jump to navigation

Personal development and You Tube: A platform for self-actualization February 19, 2012

Posted by Dennis Mellersh in Leaders in Personal Development.
Tags: , , , , , ,
trackback

If you look at You Tube’s capabilities carefully, the service is actually, as with some other new communications platforms, a direct and indirect enabling tool for self-realization and numerous additional personal development concepts.

A few  of the personal development principles  actualized by You Tube include: entrepreneurship, getting things done, intention and manifestation, planning, problem solving, productivity, time management, self-education, self-discipline, communication – and the list goes on.

This occurs through direct content such as videos on “how to do” something in arts and crafts, for example, and indirectly through the totality of You Tube’s enablement of people’s ability to communicate in a new way and through its overall effect of  bringing  people into a dynamic self-realization platform.  The longshoreman and philosopher Eric Hoffer, who was self-educated, often expressed a distrust of the “wisdom” of the elites. On the other hand, Hoffer had a great respect for the creative and problem-solving capabilities of the average person. You Tube is a testament to this underlying mass creativity potential.

In addition to a great deal of direct and educationally focussed personal development content being available through the service, such as a video teaching about the attributes of successful people, You Tube is also indirectly enabling a self-improvement and education function simply by exposing people to different things they have not previously experienced. And, people using You Tube are demonstrating that they are very open to these new experiences.

Of course, the intention of an older person posting a video involving some aspect of 1950’s music, was not likely to educate younger people on period music, but simply to put something on You Tube that the poster thought other people might enjoy. Often however, viewers of such videos will often comment that they had not realized how good such music was – in other words, they are learning something new as well as enjoying the music.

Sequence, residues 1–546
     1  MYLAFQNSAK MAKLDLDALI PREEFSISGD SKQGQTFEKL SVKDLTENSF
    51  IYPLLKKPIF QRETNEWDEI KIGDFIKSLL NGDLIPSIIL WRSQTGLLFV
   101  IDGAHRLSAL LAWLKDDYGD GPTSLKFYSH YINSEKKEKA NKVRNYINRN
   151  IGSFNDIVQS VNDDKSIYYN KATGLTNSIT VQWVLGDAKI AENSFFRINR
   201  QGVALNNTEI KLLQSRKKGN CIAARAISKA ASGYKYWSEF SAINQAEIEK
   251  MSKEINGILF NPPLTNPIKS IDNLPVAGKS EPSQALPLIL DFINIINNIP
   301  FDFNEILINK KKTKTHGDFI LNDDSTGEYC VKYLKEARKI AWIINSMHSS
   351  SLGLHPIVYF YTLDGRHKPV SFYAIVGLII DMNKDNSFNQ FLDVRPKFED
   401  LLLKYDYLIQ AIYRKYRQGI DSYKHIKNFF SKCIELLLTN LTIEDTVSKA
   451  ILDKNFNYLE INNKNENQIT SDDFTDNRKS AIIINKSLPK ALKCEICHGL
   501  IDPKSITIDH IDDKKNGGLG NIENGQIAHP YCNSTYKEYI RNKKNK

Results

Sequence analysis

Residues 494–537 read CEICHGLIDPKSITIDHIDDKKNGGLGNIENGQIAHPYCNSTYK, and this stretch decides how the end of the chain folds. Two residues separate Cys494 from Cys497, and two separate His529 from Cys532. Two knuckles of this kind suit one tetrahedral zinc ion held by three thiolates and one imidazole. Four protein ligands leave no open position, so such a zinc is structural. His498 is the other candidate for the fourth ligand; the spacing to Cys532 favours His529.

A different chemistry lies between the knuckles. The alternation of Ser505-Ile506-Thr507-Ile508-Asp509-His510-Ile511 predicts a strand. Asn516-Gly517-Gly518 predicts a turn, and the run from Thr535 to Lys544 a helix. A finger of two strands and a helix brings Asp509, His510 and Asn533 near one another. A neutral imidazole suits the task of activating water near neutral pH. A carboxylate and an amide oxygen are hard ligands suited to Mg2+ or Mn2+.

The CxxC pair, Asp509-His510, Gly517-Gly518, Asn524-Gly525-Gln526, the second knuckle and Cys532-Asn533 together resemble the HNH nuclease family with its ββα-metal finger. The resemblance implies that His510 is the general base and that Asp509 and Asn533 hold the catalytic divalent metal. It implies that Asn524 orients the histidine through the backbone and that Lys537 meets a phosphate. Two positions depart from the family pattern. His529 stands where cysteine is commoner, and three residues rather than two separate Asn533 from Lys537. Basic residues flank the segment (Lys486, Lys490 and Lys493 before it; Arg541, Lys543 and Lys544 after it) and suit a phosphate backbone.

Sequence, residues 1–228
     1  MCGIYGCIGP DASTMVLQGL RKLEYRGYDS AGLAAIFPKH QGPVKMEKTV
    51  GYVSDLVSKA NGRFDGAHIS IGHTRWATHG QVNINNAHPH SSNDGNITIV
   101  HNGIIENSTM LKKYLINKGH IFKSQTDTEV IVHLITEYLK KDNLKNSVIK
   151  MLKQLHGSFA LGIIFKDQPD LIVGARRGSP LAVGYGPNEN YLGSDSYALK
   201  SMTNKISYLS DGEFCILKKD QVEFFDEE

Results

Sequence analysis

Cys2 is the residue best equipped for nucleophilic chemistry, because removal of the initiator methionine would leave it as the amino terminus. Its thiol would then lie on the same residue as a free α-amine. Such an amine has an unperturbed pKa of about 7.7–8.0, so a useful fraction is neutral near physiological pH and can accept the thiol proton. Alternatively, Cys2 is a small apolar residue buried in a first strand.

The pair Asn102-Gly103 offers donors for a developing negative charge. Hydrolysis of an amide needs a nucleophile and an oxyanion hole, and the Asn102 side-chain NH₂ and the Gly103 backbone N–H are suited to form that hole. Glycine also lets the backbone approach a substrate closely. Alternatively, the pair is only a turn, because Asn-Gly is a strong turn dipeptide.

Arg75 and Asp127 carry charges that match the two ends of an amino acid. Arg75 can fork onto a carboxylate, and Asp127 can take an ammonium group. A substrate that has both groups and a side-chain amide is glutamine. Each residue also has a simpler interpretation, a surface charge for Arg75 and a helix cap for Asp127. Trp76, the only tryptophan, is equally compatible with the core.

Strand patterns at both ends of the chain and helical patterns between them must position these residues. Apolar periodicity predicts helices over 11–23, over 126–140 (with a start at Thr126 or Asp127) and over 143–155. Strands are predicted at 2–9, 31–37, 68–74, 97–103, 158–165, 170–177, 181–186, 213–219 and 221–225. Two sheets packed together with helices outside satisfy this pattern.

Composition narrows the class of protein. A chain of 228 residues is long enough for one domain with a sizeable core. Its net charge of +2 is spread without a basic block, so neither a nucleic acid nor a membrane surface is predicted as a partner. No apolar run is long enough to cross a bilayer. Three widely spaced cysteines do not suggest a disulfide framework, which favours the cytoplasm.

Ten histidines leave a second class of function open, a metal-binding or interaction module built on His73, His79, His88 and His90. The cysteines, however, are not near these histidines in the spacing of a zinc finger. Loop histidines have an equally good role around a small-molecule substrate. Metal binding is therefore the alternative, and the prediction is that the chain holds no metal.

Overall, the aggregating effect has a positive impact on personal development for all of us using You Tube. There is also a very real curatorial benefit in preserving and archiving material that might otherwise be eventually lost or forgotten and not readily retrievable. You Tube is thereby serving an important stewardship and custodial purpose as well. This could be viewed as an example of unintended intention and manifestation.

People of different ages, cultural backgrounds, and education accomplishments, are stumbling across various types of media material they are unfamiliar with, and are discovering how good the quality of this material is. If you read the comments section provided with the videos it often shows that people are making real discoveries about topics they previously knew little about.

Both in video posting activity and in interactivity with each other in comments, people of diverse age, economic, cultural, and educational backgrounds are creating a unique global platform for self-realization.  The “You” in You Tube is significant – it is in many ways an interpersonal communications platform.

Presently, the service does not appear to have been bombarded with spam content and, hopefully, You Tube will continue to make strong efforts to curtail spamming activity, and thereby preserve what has become a strong tool for creativity and personal development.

Comments»

No comments yet — be the first.

Leave a Reply

Fill in your details below or click an icon to log in:

WordPress.com Logo

You are commenting using your WordPress.com account. Log Out / Change )

Twitter picture

You are commenting using your Twitter account. Log Out / Change )

Facebook photo

You are commenting using your Facebook account. Log Out / Change )

Google+ photo

You are commenting using your Google+ account. Log Out / Change )

Connecting to %s

%d bloggers like this: